Elon Musk has a business lowering the cost of space travel. It’s called SpaceX, one of the hottest venture-backed start-ups trying to establish market-based competition out of the airlock. It plans to send up satellites that give us better internet back home and it has lumpy but lucrative contracts resupplying the International Space Station (ISS). The idea is that, with SpaceX leading the way, intergalactic capitalism can spur new innovations and efficiencies that will reduce costs for NASA and allow it to focus on scientific research. There are tons of possible cosmic industries, like asteroid mining and space tourism, that will also benefit from a considerable lowering of per-pound shipping cost into space. With such ambitious goals, many have pondered why SpaceX hasn’t gone public to make funding easier.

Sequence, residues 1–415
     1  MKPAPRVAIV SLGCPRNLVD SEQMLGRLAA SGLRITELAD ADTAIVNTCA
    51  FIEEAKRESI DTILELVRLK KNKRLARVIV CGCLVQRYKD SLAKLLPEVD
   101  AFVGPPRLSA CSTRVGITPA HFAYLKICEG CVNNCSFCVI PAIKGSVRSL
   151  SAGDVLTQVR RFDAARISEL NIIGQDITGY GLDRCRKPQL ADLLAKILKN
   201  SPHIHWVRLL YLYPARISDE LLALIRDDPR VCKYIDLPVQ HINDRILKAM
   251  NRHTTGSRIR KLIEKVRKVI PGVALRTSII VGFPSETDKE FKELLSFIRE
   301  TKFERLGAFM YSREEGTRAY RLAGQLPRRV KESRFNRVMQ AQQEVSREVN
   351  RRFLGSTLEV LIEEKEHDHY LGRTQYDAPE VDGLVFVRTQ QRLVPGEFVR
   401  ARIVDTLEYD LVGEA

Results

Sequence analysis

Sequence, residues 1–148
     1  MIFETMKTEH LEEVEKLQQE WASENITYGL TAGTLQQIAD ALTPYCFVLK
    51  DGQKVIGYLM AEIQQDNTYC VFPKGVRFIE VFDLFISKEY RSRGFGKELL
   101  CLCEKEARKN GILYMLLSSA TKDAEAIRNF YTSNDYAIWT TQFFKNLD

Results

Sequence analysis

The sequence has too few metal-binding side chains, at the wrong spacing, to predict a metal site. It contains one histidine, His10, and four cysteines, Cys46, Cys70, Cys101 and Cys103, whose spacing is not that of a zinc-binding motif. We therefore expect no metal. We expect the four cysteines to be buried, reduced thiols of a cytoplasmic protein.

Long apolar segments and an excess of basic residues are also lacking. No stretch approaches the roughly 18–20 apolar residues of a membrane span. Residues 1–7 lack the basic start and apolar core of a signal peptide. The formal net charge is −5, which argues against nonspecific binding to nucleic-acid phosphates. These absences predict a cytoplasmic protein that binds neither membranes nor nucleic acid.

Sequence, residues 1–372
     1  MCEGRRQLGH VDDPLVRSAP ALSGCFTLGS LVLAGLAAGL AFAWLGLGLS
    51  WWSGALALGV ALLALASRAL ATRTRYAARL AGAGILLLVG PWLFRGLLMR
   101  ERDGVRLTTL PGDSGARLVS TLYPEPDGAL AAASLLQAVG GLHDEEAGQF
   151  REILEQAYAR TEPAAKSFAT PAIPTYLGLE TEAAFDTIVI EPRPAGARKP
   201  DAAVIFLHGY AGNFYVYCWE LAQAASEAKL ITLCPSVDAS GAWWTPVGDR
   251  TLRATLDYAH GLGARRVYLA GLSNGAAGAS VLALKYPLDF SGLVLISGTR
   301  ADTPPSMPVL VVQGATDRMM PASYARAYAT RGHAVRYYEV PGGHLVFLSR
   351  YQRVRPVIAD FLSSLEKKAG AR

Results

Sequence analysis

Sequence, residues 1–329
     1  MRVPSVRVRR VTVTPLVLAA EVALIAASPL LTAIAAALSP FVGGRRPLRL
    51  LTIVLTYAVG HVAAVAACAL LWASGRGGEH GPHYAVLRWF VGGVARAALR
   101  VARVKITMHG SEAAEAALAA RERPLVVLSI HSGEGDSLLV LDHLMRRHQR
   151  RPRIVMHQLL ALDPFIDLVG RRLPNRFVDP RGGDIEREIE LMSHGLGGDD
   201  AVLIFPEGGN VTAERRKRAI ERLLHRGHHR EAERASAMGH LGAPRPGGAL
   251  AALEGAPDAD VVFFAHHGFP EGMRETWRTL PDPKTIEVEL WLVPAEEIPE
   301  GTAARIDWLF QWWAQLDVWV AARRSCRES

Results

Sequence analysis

Recently, however, and without being publicly traded, SpaceX has sought another major round of funding. Indeed, SpaceX is looking to bring in up to $1.725 billion in new capital, at a price of $70 per share — open only to private investors. Even a few months ago in February, SpaceX was making moves towards this next round of funding: splitting its stock price 10-for-1. The company’s soaring evaluation and eager investor buy-in come from its series of successful ambitious projects like the launch of the Falcon Heavy Rocket. The two biggest projects ahead, and where most of the funding is likely needed, are the next generation rocket Starship and its global satellite internet network Starlink.
What do you think about SpaceX’s continued private investment? And will the Starship and Starlink projects see success?
I am not a financial advisor and my comments should never be taken as financial advice. Investments come with risk, so always do your research and analysis beforehand.